A Change Is Needed: Off-Campus Commuter Students Suffering As A Result Of NV Bus
The worst time of my day during the week is fighting to get on one of the crushed CATA buses that sporadically stops near my apartment. As I walk down the stairs to the bus stop, a sea of people wait anxiously by the curb, glaring at one another, preparing to leap in front of the crowd just to get on the bus.
I will admit, I am not above pushing in front of people to get onto the bus. Sometimes, a bus won’t be scheduled for another 45 minutes after my class has already begun. Consequently, I often choose to go to campus up to an hour early so I don’t miss my class. And forget going home between classes, you won’t make it back in time for your next class.
I feel guilty each time I push past another student and feel frustrated with the CATA bus system. I’m disheartened that the bus system hasn’t yet been refined into something that would be ideal for off-campus students.
Historically, CATA has cited staffing shortages for a lack of improvement, which have significantly impacted off-campus students. Staffing shortages seem to be improving, but the frequency of buses and bus routes has not.
One of the biggest sore spots I have with CATA is the NV bus, which runs after 10 p.m. on weekdays and Sundays, completely replacing every other bus route for off-campus students. The problem with the NV bus is that only two buses are running at any given time, and the gap between the two buses is roughly 45 minutes. Meaning if you miss the NV bus, you will have to wait another 45 minutes until the next bus comes. On less busy days, the buses are spaced 30 minutes apart.
Last Sunday, I didn’t have access to my car, so I had to take the NV bus. My apartment is located close to the beginning of the bus route on Blue Course Drive. So, unfortunately, since the NV bus only drives in one big loop in the same direction, I had to endure the hour-long bus ride from Blue Course Drive to Park Forest Village, Toftrees, and finally to campus. Since the bus took an hour, of course, I was late for my meeting.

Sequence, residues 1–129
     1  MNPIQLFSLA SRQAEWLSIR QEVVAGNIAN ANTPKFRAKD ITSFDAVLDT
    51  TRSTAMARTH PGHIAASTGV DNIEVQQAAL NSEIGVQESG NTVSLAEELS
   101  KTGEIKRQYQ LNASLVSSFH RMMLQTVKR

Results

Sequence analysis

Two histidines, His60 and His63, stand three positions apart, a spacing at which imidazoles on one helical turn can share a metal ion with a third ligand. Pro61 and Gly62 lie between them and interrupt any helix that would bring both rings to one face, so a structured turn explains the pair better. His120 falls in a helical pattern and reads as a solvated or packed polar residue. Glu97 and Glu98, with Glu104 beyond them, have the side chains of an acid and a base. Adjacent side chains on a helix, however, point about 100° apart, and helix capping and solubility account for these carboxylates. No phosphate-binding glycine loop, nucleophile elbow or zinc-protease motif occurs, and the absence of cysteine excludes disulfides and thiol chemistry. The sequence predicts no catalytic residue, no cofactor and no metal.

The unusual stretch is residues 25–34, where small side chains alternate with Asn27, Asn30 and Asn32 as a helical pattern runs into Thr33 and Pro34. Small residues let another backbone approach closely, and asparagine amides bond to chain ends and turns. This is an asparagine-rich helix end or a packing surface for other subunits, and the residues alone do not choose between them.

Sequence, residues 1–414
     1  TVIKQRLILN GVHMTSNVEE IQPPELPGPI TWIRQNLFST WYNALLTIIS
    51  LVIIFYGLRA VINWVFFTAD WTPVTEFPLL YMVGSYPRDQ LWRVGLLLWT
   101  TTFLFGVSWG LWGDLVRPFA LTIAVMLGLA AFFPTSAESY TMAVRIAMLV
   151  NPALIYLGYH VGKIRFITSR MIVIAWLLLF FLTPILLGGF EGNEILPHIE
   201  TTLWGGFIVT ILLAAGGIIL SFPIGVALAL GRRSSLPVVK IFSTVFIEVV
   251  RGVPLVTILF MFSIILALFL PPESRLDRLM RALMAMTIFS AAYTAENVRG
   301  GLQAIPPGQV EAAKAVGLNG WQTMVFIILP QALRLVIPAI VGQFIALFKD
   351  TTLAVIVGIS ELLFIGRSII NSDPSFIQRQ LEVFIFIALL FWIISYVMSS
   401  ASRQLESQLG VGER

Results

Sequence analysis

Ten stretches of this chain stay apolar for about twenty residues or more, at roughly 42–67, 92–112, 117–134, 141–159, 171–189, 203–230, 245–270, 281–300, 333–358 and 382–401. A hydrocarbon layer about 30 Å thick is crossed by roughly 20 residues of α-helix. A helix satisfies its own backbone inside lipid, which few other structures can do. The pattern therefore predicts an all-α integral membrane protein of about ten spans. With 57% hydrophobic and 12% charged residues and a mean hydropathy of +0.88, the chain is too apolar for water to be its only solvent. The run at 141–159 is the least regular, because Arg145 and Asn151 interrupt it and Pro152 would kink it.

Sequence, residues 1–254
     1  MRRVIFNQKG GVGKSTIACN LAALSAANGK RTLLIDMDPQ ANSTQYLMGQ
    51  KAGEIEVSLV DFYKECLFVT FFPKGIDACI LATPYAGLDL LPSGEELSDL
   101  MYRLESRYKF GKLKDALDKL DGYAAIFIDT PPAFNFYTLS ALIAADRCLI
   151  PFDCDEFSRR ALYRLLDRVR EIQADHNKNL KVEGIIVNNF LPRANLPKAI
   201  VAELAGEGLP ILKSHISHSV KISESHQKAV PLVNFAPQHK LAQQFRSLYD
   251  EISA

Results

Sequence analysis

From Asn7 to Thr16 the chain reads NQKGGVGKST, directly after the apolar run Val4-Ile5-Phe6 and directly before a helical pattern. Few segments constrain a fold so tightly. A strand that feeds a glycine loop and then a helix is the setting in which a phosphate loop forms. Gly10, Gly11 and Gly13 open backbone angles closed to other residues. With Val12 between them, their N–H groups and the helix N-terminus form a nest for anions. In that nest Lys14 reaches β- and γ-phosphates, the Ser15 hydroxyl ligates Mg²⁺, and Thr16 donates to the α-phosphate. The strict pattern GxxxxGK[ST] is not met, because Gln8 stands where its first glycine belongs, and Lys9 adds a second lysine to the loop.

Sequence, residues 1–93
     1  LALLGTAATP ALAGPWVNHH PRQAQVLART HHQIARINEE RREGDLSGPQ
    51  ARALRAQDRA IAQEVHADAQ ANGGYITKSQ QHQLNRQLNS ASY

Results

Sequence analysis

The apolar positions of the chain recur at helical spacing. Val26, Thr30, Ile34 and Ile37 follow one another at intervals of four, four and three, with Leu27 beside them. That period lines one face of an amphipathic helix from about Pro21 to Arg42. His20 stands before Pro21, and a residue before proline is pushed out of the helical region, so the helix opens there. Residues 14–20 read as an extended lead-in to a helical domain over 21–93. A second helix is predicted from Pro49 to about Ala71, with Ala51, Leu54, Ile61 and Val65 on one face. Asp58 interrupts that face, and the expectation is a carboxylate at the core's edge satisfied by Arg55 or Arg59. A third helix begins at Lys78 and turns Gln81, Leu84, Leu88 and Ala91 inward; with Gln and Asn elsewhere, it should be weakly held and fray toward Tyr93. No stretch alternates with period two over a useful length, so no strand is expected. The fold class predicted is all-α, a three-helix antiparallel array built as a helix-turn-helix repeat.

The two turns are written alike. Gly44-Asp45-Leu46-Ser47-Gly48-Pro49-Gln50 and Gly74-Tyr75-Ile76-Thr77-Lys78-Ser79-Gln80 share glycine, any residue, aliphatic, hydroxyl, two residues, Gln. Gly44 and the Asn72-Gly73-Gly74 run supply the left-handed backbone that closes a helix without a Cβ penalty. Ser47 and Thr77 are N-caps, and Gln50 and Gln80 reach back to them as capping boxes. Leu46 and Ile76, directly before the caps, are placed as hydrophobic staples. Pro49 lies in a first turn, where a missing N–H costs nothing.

I’m not the only one who must take the NV bus on Sundays as many other off-campus students have conveyed their annoyance and stress over the NV bus. I’m lucky enough to have a car, so I have more of a choice concerning the NV bus, but many other students who live off-campus don’t have a car as an option.
The popularity of off-campus student living has skyrocketed over the past decade as rent prices increase downtown.
Living off-campus comes with a double-edged sword, however. In exchange for more affordable rent, you are forced to endure the CATA bus system — a system that’s unreliable and stressful for students commuting to campus.
As a consequence, many off-campus students who have cars choose to drive to school, packing the Bryce Jordan Center and stadium lots to the brim. Students often opt to take either the Blue Loop or Red Link from the commuter lots to campus, perpetuating the problem of the CATA bus system simply not having enough drivers and buses. Parking at the Bryce Jordan Center and stadium is another topic entirely.
The entire CATA bus system must be refined, but the NV bus particularly. This system isn’t feasible for the amount of students who live off-campus wishing to simply get to campus. Two buses aren’t enough to host the thousands of students who live off-campus.
CATA must reconsider how to deal with these issues internally. In the meantime, off-campus students will have to deal with the consequences.
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